A strong social security system is our saving grace
As more than half a million people wind up on temporary unemployment benefits in this country, it becomes very clear how important the state and our social security is, even if there are some problems with it. More than half of the Belgian population is in some way being payed by the state right now. Half a million workers will be spared the worst of hardships because of this very robust safety net we’ve had in place. One can only hope that this will also change a lot of people’s view of the unemployed as lazy parasites and make them staunch defenders of our welfare state.
The United States is fucked (up)
The numbers speak for themselves. They have surpassed all other heavy hit countries in number of cases and deaths. The unemployment has spiked and millions of people are consequently losing their (private) health insurance. This, more than anything, reveals the huge flaws of the American health care system. Monitzing human life and scamming people out of their hard-earned money and into debt. This will be a heavy blow to the US global hegemony, but I’m unsure if their current course can be changed in the short term.
It’s the ideal time to re-read Camus' The Plague
There have been countless of others saying the exact same obvious thing: this is an excellent time to (re)read the great classic The Plage by the French absurdist philosopher Albert Camus. It describes the multitudes of different situations and ways to deal with the quarantine: the separated lovers, the shift from individual hopelesness to the collective experience, the lack of a certain future, the loss, the dying, the grief, the pleas and condemnation, those that thrive during pestilence and those that try to defy the plague. It’s a classic and I found so much resonance with our own times.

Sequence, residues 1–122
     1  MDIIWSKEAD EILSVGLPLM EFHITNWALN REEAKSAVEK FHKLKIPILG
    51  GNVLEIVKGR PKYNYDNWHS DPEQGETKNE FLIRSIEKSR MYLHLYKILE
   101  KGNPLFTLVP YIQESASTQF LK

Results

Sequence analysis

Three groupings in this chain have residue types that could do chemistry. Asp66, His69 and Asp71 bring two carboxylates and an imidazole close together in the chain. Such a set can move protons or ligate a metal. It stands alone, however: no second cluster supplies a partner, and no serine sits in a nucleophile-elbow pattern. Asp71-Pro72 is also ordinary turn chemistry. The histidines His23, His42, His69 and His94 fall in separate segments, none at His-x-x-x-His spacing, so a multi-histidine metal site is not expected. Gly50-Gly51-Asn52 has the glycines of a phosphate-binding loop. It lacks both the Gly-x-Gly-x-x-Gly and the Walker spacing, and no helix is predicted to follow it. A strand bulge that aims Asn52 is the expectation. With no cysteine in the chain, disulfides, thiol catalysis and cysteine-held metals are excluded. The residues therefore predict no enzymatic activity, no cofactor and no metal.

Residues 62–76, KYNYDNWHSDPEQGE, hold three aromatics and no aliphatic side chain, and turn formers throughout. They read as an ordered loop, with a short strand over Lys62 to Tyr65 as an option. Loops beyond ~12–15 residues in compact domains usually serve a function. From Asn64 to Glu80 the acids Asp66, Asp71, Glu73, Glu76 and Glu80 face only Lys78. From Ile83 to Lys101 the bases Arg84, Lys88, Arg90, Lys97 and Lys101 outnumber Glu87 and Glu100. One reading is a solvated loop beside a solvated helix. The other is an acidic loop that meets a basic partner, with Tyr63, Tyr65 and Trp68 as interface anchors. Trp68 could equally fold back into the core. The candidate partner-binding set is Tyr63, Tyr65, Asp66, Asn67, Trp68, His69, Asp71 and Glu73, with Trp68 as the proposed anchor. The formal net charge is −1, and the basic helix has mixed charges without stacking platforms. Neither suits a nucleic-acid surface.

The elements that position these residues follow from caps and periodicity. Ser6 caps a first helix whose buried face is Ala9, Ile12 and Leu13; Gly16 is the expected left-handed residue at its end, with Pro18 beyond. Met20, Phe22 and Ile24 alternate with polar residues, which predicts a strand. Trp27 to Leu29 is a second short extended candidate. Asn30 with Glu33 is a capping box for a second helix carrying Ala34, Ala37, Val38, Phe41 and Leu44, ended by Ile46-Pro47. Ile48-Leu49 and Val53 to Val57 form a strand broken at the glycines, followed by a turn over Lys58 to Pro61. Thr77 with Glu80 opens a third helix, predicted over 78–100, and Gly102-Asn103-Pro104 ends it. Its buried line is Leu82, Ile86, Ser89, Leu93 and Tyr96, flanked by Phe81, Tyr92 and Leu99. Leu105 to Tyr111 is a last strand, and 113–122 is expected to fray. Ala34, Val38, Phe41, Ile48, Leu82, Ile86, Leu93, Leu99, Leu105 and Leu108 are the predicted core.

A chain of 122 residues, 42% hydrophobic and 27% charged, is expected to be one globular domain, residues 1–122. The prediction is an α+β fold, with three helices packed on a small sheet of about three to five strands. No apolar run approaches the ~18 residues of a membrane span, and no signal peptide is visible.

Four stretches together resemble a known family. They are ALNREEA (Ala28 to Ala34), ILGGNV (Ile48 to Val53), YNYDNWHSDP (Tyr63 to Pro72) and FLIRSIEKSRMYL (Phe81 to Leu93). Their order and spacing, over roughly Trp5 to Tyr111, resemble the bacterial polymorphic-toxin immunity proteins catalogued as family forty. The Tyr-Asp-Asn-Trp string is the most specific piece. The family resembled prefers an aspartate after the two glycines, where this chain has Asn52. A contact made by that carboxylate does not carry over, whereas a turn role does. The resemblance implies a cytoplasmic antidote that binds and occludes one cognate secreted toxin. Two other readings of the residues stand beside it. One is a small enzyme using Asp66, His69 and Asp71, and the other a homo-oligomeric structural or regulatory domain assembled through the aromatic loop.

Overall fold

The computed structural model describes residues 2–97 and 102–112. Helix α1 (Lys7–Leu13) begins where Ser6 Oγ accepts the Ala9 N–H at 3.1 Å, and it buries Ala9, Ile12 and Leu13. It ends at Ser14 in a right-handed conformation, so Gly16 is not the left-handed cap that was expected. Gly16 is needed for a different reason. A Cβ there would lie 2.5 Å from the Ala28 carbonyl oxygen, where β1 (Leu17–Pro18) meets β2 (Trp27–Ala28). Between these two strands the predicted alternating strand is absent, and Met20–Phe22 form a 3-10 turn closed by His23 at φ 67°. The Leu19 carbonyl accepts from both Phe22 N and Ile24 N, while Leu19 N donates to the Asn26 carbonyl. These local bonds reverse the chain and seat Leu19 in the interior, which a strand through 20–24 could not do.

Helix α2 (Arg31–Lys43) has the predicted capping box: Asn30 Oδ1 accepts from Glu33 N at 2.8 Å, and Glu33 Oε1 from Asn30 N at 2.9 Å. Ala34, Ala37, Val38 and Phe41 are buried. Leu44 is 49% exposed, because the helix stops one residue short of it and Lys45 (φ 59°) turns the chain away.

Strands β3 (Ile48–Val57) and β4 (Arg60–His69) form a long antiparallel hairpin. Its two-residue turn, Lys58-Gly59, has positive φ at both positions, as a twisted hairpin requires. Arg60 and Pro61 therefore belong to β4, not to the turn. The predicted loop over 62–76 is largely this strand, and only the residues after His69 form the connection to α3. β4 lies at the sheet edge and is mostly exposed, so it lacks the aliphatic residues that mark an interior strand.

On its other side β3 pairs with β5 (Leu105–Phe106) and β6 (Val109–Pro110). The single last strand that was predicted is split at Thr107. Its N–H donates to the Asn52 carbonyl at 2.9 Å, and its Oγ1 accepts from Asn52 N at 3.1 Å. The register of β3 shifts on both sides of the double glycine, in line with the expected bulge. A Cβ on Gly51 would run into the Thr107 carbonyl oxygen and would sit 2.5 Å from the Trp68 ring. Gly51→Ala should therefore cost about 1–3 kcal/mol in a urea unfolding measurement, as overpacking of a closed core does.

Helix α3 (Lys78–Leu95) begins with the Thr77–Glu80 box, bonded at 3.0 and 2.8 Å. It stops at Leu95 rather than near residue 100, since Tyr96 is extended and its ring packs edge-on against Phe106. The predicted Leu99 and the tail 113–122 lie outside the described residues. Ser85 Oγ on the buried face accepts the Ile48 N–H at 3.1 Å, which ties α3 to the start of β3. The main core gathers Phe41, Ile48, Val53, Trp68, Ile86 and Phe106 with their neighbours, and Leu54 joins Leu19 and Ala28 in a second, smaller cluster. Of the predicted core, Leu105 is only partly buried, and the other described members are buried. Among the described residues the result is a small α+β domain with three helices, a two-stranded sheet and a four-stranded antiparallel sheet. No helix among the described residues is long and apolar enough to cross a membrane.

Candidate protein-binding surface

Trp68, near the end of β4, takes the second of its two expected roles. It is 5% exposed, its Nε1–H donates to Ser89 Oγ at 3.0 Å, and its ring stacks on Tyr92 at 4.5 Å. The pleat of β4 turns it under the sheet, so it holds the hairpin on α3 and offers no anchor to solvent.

What should we remember from all of this?
Another world is possible. This crisis could teach us how to deal with huge, invisible dangers as a collective. I’m of course hinting at the issue of climate catastrophy. I think that changes of the same magnitude are te be expected, but not the same kind. That is: the collective effort will be just as difficult and the necessary societal solidarity needs to be just as high. The difference that we won’t need social distancing for that.